In the Middle Ages, the idea that the pineal gland regulated the flow of the spirit, a theory Galen actually rejected, took the forefront. Then came the Renaissance, where Niccoló Massa discovered that brain ventricles are not filled with a vaporous spirit but rather cerebral fluid and could not support the flow of the soul. Following Massa came René Descartes, who became impassioned with the pineal gland and its role, he believed, as the “seat of the soul.”
He thought that the pineal gland was the meeting place of the physical and spiritual worlds and that “the body and spirit not only meet there, but each affects the other, and the repercussions extend in both directions.” Descartes’ views on pineal neurophysiology were widely rejected, though.
As science and medicine continued to advance, all sorts of theories and experiments were conducted to try and get to the bottom of this mysterious organ, including a hypothesis that the pineal gland is really just a vestige of a dorsal third eye. Toward the end of the nineteenth century, Helena Petrovna Blavatsky, the founder of theosophy, concluded that the pineal gland of the modern man is an atrophied vestige of an organ of spiritual vision. Both of these above theories are still relevant today.
The hormone melatonin wasn’t isolated and studied until 1958. It wasn’t until then that the pineal gland’s primary function was revealed, even though there is still a lot we don’t know about this tiny yet remarkable pine nut-shaped organ. But there is more to the pineal gland than just its physiological function; it has great cultural, religious, and spiritual significance too.
The Cultural and Metaphysical Significance of the Third Eye
The pineal gland’s location in the mid-line of the brain makes it the perfect biological comparison to the energetic third eye chakra, or Ajna chakra, as noted in Ayurvedic philosophy. It is the seat of wisdom, intuition, higher states of consciousness, and spiritual and universal connection. The third eye is depicted in Hinduism, Buddhism, and in ancient Egyptian iconology, among other traditions and religions.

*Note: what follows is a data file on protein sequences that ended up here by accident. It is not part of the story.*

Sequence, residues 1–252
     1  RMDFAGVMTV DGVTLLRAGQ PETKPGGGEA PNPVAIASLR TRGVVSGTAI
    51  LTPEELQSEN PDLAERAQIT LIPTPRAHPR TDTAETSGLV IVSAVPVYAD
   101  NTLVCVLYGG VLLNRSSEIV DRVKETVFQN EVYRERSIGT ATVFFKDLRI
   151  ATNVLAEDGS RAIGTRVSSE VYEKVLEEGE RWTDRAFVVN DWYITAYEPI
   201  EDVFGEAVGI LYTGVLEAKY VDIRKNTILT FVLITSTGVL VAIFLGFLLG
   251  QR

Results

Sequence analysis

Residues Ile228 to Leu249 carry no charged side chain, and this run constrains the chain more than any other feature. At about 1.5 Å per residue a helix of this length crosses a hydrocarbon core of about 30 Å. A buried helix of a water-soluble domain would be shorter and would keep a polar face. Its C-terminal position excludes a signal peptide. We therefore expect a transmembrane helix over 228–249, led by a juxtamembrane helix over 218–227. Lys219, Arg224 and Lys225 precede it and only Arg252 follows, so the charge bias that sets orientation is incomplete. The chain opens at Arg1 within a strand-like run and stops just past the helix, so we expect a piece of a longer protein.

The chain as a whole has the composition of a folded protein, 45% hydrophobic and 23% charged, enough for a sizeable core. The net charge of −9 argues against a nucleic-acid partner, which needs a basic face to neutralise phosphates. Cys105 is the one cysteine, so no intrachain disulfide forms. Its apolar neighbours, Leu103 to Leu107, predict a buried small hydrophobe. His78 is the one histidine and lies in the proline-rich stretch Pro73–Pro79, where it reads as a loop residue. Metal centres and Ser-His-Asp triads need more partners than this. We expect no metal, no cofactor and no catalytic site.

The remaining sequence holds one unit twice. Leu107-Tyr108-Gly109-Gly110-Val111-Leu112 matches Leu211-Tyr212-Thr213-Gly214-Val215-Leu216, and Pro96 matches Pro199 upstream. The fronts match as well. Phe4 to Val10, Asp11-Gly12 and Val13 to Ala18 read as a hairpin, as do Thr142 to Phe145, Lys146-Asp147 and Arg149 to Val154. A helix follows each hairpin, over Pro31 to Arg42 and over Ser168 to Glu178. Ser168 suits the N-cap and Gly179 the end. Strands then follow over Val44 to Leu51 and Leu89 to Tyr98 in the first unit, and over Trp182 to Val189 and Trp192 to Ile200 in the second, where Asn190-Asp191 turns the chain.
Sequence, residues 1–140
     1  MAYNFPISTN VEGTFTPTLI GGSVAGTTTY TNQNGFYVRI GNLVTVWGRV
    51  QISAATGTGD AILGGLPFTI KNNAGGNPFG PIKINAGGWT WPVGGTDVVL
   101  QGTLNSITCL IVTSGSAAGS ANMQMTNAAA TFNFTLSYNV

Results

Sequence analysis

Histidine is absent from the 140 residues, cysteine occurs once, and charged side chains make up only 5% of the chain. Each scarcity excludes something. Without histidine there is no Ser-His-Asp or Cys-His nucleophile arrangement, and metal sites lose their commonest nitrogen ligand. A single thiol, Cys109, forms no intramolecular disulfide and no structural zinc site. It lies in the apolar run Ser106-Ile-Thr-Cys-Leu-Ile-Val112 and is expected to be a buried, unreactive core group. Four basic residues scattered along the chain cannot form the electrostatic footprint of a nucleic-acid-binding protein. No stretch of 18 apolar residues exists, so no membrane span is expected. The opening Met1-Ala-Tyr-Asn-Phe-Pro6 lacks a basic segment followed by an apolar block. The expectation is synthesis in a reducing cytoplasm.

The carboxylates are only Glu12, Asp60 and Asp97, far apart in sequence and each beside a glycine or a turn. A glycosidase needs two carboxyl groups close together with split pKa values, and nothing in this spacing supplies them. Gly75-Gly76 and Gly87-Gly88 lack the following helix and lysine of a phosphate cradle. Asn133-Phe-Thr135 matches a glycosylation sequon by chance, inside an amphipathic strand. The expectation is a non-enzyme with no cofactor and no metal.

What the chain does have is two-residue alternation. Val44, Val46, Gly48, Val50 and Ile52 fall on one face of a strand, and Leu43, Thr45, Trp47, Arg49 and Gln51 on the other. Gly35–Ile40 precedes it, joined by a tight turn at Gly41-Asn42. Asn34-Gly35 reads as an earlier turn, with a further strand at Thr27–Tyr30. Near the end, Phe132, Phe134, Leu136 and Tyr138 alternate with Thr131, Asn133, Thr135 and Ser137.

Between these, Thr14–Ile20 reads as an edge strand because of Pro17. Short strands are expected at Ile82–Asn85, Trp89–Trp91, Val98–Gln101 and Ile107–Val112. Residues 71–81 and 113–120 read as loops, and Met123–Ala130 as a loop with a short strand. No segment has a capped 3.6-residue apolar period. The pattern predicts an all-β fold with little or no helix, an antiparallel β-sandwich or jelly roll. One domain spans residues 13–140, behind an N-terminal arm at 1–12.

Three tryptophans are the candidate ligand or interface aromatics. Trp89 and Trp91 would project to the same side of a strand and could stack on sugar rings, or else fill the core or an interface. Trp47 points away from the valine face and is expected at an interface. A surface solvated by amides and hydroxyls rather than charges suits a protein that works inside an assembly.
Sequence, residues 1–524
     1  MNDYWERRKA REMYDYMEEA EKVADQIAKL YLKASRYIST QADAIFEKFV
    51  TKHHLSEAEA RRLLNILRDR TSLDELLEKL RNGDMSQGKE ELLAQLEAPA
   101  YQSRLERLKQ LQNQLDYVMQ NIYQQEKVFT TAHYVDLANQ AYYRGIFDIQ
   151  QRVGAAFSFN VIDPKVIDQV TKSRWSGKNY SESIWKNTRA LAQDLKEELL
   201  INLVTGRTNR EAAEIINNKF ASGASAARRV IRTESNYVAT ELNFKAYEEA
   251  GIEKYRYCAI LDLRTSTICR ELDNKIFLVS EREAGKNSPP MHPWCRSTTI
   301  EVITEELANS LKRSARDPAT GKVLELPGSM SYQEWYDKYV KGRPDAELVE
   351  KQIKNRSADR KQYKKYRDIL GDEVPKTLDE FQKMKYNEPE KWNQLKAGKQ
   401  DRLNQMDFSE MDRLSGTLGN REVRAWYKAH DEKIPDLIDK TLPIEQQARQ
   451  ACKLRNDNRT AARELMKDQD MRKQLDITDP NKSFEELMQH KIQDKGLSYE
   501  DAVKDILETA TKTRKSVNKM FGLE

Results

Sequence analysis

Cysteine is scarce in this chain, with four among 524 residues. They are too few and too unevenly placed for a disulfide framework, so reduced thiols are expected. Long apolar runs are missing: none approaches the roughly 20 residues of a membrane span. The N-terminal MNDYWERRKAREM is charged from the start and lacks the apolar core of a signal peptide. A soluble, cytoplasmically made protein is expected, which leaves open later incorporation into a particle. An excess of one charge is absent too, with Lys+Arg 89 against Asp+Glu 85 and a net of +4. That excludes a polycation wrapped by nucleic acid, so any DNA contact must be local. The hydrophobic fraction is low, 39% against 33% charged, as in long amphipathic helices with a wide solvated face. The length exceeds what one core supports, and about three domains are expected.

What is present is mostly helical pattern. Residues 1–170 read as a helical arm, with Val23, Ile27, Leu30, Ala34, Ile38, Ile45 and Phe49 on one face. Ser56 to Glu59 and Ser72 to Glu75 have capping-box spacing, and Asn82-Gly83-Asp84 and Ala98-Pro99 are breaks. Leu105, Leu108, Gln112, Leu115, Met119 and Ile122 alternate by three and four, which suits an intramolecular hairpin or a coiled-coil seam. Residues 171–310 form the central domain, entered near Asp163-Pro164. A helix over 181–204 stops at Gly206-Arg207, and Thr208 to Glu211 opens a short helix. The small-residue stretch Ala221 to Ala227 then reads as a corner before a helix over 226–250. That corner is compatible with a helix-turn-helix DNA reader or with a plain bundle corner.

Shiva, the Hindu deity of destruction and regeneration, is depicted with a physical third eye, as are other Hindu deities. Also, in Hindu tradition, bindis (red dots) are sometimes worn in the place of the third eye to represent the spiritual connection with the divine. In Buddhism, the third eye represents the spiritual awakening of knowledge and wisdom. Buddha is adorned with this symbol.
In ancient Egypt, the Eye of Horus was an artistic and anatomical masterpiece. The eye comprises six parts, each with its own individual symbolism. Anatomically, each part corresponds to one of the five senses: smell, vision, hearing, taste, and touch plus an additional “sense” of wisdom. The Egyptians revered the Eye of Horus as the “eye of God inside the human mind,” “eye of truth and insight,” or “the all-seeing eye.”
The metaphysical significance of the third eye, while rooted in ancient traditions, is kept very much alive through yoga, meditation, and chakra opening practices, as well as the desire to tap into our deeper selves and unlock our own intuition and connection to the world inside and outside of ourselves.
How to Activate Your Third Eye Naturally
Opening your third eye is a journey to accessing your highest intuition. When our third eye chakra is blocked, we might experience brain fog, lack of purpose, uncertainty, pessimism, and a general distrust in our own intuition. The following practices can help you clear the blockage and tap into your authentic and deeper self.
- Focus your attention during your meditation practice on the point just above your eyebrows
- Adopt a breathwork practice
- Practice Kundalini yoga
- Try emotional freedom technique (also known as tapping therapy)
- Enjoy sound healing
- Book a session with a Reiki master
Go Inward to See Outward
Intuition, wisdom, and a connection to the universe are not reserved solely for spiritual leaders and deities; it lies within each of us in our mind’s eye of truth. We all have a pineal gland, which means we all have a third eye! Unlike the two eyes on our face, though, our third eye is for seeing inwardly in order to see the truth outwardly.
Disclaimer: The statements made in this article have not been evaluated by the Food and Drug Administration. Any products or treatments mentioned are not intended to diagnose, treat, cure, or prevent any disease. Please consult a licensed medical practitioner for medical advice.